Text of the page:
Although most people prefer to adopt puppies, there are many advantages for adopting older dogs. Maybe someone can't afford Fido, but you can provide a loving home.
More and more irresponsible dog owners are dropping off their pets at animal shelters. Tragically, many of these dogs will be put to sleep because of overcrowding, as well as the reality that most owners prefer puppies to older dogs.
However, there are many advantages to adopting an older dog. If you don't have the time or energy to train a puppy, then choosing a more mature dog may be a better choice.
There are just as many different personalities of dog breeds as there are owners. While some owners may actually prefer an active dog (who's also older), others opt for less athletic, smaller dogs such as toy breeds.
Realizing that older dogs already have some time on them, it's probably better to choose smaller breeds simply because they generally have a longer lifespan. In other words, you may love large breeds, such as Great Danes, but unfortunately, such big breeds typically live less than ten years, whereas smaller dogs, such as Fox Terriers, can live up to 14 years.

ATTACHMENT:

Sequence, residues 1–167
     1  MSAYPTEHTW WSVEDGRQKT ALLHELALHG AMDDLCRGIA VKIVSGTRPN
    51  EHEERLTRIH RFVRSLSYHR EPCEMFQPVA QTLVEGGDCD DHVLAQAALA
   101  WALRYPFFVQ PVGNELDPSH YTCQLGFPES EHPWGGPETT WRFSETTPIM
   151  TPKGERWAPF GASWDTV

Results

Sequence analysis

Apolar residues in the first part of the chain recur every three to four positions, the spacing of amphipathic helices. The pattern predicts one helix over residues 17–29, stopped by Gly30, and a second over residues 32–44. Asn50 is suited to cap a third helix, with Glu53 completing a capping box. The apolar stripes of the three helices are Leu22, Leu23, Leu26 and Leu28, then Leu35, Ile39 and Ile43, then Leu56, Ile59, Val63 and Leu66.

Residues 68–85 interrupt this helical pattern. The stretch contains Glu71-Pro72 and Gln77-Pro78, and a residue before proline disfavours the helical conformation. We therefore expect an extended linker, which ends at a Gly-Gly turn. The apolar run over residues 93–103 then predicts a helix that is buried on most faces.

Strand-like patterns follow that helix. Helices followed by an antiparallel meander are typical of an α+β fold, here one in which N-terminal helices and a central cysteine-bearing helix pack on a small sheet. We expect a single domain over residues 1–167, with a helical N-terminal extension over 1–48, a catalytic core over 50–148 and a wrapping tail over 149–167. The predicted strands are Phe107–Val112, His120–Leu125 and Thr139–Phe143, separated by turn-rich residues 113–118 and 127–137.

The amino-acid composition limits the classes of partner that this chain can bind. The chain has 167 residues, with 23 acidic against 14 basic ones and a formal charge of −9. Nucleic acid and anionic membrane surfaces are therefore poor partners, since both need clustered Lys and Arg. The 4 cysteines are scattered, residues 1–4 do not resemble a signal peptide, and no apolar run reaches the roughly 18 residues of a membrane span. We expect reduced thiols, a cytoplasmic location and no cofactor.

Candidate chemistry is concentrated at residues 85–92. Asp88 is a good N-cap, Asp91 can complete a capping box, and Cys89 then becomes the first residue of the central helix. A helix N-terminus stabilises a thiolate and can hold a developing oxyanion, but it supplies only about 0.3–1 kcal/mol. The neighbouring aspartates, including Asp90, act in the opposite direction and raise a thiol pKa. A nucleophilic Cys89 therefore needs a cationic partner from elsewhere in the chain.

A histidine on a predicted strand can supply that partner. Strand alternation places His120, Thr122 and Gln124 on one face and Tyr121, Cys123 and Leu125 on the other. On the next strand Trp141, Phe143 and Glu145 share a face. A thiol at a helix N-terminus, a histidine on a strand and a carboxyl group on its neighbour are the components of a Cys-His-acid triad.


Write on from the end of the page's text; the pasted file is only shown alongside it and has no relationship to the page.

Don't hesitate to establish a routine as soon as you bring your new dog home. Also, let each family member get to know the new addition on a one-on-one basis, rather than the whole clan descending on Fido at once. For additional tips, study books on the subject to help your dog adjust to his new home.
Although there are many good reasons for adopting an older dog, the best reason is that you're saving a life. You can feel good that you're giving an older dog another chance at life. Maybe his original owner couldn't afford him, but you can make a comfortable home not only for a lovable new pet, but also help your local animal shelter have one less dog to feed or even worse, to put to sleep.
Isabella Miller is a dog lover who's passionate to share her knowledge about pets. In her free time she helps to find owners for abandoned puppies and she writes at me Puppy, a blog about dogs.